Thursday, June 23, 2011

Strawberries

We decided to go strawberry picking on Sunday, just me and the kids. Sunday was also Father's Day, and so I told David that since we would be out strawberry picking, we would not be providing him breakfast in bed. Instead, his Father's Day present would be that he could sleep as late has he wanted. Since his normal weekday wake-up time is around noon, he never gets to "sleep in" in the sense of sleeping later than his schedule normally allows. That's because at 12:01 I am usually pounding on the bedroom door yelling HELP HELP HELP ME WITH THE KIDS! ALSO THE BABY IS FLUSHING ALL MY PERCOSET DOWN THE TOILET.

Going strawberry picking is a summer tradition in the family, in the sense that we went last year. That's the great thing about having little kids. It's so easy to call something a tradition, even if you've only done it once before. After all, we've gone strawberry picking every summer since Walter was born. It's a tradition!

For reasons which made sense to me at the time, we decided to go strawberry picking at a location two and a half hours away. I wanted to visit the farm from which we get our CSA (community supported agriculture) vegetable box, which was hosting a strawberry picking day. If you don't know what a CSA is, it's a sort of subscription to a farm, which in our case means that we get a weekly box of organic, locally grown vegetables for nine months out of the year. We've found that having a CSA has transformed our eating habits for the better, and we always have a fridge chock full delicious vegetables. On the negative side, having a CSA means we are forced against our will to encounter the occasional eggplant. But it can't all be rainbows and sunshine.

So we drove up to the CSA farm to strawberry pick, and thankfully there was minimal interference between Stella and Baby W in the back seat on the way there. She's pretty hard on him, but the good news is that when Baby W grows up, he is going to be a fast runner in part based on all the practice he gets trying to flee from Stella's abuse. (As an aside: I remember English teachers encouraging us to avoid the passive voice in writing and speaking, but I never really understood why until the other day when Baby W suddenly started crying very loudly, out of the blue. What happened, I asked Stella. She explained: "His hand got bit by my mouth.")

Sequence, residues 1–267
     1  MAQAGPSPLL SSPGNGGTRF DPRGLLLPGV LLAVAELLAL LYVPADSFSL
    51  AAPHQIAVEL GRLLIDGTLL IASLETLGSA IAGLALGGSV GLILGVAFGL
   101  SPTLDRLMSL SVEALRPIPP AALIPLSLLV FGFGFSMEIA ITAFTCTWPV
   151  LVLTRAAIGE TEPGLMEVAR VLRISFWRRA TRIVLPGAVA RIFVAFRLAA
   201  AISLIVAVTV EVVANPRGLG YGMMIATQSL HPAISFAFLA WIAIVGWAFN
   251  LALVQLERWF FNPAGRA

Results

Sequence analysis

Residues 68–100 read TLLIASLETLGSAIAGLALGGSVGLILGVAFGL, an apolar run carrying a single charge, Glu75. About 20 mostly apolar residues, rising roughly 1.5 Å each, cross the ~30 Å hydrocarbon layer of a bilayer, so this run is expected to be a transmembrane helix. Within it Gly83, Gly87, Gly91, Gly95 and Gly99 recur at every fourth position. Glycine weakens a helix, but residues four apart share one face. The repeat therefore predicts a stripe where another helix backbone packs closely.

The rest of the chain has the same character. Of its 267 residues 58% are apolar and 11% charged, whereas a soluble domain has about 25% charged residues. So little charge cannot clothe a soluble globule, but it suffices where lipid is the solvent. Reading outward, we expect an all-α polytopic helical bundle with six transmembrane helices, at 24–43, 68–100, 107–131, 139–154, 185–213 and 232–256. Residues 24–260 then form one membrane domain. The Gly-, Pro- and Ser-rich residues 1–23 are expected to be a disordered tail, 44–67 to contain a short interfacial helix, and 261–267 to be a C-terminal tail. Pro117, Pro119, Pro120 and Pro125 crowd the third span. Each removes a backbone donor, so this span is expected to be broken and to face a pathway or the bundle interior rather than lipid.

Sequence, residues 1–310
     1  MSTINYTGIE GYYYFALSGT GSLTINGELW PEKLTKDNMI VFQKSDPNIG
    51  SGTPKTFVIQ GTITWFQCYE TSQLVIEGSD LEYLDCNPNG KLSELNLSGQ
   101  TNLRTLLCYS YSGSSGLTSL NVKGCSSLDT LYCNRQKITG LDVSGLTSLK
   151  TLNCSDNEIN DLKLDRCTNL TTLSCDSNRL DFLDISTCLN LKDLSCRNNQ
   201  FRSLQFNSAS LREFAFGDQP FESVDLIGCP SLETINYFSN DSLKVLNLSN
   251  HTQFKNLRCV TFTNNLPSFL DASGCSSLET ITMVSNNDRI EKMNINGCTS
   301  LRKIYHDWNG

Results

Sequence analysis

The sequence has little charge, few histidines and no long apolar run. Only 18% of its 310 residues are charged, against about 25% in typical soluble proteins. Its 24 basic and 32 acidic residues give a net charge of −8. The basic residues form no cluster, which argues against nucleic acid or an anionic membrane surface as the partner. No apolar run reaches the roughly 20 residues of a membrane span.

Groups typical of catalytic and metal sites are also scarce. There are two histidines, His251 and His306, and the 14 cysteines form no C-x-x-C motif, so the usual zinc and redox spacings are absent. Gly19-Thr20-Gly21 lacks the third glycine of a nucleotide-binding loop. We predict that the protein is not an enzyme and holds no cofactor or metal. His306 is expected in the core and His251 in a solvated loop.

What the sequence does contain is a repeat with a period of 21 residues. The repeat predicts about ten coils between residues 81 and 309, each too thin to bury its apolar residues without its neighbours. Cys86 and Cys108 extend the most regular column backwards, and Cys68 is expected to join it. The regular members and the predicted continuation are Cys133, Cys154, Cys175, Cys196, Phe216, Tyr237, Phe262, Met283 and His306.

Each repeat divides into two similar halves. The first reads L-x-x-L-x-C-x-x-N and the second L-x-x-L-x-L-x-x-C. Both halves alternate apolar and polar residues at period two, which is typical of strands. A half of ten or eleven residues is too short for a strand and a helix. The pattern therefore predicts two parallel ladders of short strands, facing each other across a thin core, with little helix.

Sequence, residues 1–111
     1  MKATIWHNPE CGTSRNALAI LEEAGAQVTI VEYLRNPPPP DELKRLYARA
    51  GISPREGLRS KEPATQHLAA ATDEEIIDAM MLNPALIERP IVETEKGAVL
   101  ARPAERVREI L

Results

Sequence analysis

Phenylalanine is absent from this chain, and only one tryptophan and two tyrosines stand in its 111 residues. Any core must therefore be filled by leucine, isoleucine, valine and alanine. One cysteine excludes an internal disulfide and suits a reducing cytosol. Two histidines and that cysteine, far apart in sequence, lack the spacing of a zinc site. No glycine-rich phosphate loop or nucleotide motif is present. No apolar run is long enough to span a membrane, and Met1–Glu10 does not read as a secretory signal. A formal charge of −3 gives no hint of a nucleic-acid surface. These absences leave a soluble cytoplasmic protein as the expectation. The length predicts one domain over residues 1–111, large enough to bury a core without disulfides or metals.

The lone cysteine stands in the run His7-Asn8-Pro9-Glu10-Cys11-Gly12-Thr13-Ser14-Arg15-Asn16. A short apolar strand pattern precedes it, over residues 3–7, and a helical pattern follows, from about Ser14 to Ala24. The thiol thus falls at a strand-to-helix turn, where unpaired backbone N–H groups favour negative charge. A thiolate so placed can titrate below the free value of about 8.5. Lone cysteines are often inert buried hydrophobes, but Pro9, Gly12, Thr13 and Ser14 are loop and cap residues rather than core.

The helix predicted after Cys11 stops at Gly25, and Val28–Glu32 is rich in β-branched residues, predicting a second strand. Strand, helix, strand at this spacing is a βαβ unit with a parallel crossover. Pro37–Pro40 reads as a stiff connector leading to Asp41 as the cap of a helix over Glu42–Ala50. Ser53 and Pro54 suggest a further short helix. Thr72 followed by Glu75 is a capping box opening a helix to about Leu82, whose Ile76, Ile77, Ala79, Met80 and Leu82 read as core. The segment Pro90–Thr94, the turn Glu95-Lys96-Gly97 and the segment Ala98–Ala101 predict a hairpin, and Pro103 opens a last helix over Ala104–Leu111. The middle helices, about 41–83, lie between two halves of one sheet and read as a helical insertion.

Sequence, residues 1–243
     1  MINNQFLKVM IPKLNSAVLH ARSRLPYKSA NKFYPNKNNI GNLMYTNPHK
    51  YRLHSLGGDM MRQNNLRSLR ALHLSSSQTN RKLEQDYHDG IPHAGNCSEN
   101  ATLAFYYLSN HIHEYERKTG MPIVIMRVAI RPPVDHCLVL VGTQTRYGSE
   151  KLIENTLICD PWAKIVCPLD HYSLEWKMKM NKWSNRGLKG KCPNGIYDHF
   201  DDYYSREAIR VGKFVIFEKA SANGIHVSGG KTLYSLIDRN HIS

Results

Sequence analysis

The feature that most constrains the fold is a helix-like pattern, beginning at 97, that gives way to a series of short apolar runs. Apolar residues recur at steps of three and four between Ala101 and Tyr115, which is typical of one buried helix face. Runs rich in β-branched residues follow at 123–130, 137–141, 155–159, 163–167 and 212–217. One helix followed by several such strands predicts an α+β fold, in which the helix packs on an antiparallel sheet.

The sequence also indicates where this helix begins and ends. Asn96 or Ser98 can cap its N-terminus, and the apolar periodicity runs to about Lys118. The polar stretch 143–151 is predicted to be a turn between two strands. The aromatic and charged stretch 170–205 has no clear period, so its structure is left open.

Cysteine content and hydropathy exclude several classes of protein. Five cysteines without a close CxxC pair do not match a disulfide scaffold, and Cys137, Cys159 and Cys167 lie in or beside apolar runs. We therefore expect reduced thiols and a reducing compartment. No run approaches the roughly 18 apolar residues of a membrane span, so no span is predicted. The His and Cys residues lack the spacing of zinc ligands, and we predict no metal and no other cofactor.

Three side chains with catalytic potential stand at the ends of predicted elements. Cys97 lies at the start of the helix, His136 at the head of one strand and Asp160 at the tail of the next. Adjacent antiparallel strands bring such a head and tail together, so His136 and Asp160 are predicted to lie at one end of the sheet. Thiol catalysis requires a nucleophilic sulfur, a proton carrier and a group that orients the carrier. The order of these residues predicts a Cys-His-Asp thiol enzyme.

We made it up to the farm without anybody in the back seat losing a limb or any of their major organs. There was a potluck at the farm, including goat tacos, which were made by the men who work on the farm. The tacos were delicious -- delicious enough that I seriously considered ditching this budget analysis gig I have and becoming a Mexican agricultural laborer instead.

We also got a wagon tour of the farm, and here you can see Stella on the wagon giving her normal loving embrace to Baby W:


The wagon tour was fun but lasted forever. You can only see so many fields of kohlrabi before going a little stir crazy. Stella got bored pretty quickly, but entertained herself by taking pictures of her favorite subject:



Finally it was time for strawberry picking! But by that time, Walter really needed a nap, Stella was tuckered out from all the activities, and even I was ready to go home. So we quickly picked two quarts of berries, not including all the ones that went in our mouth, and hightailed it out of there. One of the quarts of berries we ate on the car ride home, meaning that by the time we got back to the house, all we had to show for five hours of driving was a single quart of berries (which was gone by the next day). 

Still, it was a fun outing, and I'm hoping we can go strawberry picking -- at a closer location -- at least one more time this season. After all, it's a tradition.

1 comment:

  1. A lot of effort, but at least your kids will likely know where their food comes from. I took CJ to our CSA, pre-kid, and upon seeing the pumpkin patch he asked "do pumpkins grow underground?" He is smart, scary smart, when it comes to math and all things academic. But he grew up in Tampa, Florida, and never went to a farm. Thanks your efforts Stella and Walter's future partner won't look at them at wonder, just how clueless about food are you?

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